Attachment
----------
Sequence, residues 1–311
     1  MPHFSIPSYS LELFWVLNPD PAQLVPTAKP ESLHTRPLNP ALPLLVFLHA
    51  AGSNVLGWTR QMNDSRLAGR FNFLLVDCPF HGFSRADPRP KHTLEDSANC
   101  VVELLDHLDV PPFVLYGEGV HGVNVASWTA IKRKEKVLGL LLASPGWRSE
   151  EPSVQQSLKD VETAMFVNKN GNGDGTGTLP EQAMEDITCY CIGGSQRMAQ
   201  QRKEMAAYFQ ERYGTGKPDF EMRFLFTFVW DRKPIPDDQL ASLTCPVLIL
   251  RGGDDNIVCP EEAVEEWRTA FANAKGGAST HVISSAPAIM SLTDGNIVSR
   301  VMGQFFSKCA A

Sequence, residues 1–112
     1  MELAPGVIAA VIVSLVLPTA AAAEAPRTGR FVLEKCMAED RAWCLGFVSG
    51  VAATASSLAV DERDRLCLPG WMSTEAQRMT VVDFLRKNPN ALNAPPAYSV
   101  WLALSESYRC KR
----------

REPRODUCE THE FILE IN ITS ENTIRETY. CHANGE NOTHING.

Sequence, residues 1–311
     1  MPHFSIPSYS LELFWVLNPD PAQLVPTAKP ESLHTRPLNP ALPLLVFLHA
    51  AGSNVLGWTR QMNDSRLAGR FNFLLVDCPF HGFSRADPRP KHTLEDSANC
   101  VVELLDHLDV PPFVLYGEGV HGVNVASWTA IKRKEKVLGL LLASPGWRSE
   151  EPSVQQSLKD VETAMFVNKN GNGDGTGTLP EQAMEDITCY CIGGSQRMAQ
   201  QRKEMAAYFQ ERYGTGKPDF EMRFLFTFVW DRKPIPDDQL ASLTCPVLIL
   251  RGGDDNIVCP EEAVEEWRTA FANAKGGAST HVISSAPAIM SLTDGNIVSR
   301  VMGQFFSKCA A

Sequence, residues 1–112
     1  MELAPGVIAA VIVSLVLPTA AAAEAPRTGR FVLEKCMAED RAWCLGFVSG
    51  VAATASSLAV DERDRLCLPG WMSTEAQRMT VVDFLRKNPN ALNAPPAYSV
   101  WLALSESYRC KR